This paper explores two questions of the recent China-Australia FTA (ChAFTA): what is the approach of the ChAFTA? What are the challenges to the ChAFTA? It argues first that the ChAFTA adopts a problem-solving approach to harvest “low-hanging fruit” (e.g. tariff cuts). Containing WTO-based and WTO-friendly rules, it focuses on trade and investment facilitation through market liberalization and carefully written good governance norms. In spite of its short form investment chapter, the agreement is not as shallow as one may first think. It stimulates development concerning, among other things, regulatory issues (e.g. regulatory transparency and cooperation in financial services, regulatory autonomy in investment), the negative list approach for services and investment, investor-state dispute settlement, and the investment facilitation arrangement. The development appears to be often affected by the position of Australia. Second, the ChAFTA will meet challenges in implementation and future negotiations. The former includes vague rules, soft obligations, the considerable need for wide-ranging cooperation, and the usage rate. The latter is probably the complexity of legal issues, as well as internal (including sensitive issues such as labor mobility and review of investment by Chinese SOEs) and external uncertainties (including the WTO law, the US-China investment treaty negotiations). Finally, the future of the ChAFTA depends on bilateral cooperation in FTA implementation, and the political willingness to develop a rule-based system. The ChAFTA could bring an incremental paradigm shift of China’s FTAs, which will carry vast implications for China’s participation in international economic legal order.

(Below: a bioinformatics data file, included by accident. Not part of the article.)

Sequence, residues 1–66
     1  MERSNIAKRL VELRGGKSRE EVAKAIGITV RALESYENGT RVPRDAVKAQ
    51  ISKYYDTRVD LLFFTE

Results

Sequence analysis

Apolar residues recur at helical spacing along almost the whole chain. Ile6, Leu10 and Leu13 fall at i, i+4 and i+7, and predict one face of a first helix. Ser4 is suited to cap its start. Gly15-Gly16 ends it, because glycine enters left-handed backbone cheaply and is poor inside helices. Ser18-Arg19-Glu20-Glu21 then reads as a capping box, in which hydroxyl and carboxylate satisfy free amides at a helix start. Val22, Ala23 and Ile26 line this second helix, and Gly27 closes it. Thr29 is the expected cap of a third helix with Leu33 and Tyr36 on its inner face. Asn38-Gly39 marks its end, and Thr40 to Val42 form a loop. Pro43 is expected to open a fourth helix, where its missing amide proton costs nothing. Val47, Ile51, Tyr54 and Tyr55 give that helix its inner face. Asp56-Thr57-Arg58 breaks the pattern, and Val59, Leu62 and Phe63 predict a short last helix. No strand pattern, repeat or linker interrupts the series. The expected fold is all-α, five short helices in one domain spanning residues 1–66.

The Australian Journal of Human Rights (AJHR) is currently accepting submissions for Volume 23, Issue 3, 2017.
The Australian Journal of Human Rights is a peer reviewed journal that aims to raise awareness of human rights issues both in Australia and internationally. This is a general issue and you are invited to submit articles in the range of 6,000-8,000 words on any legal aspect of human rights, along with associated philosophical, historical, economic and political issues for consideration.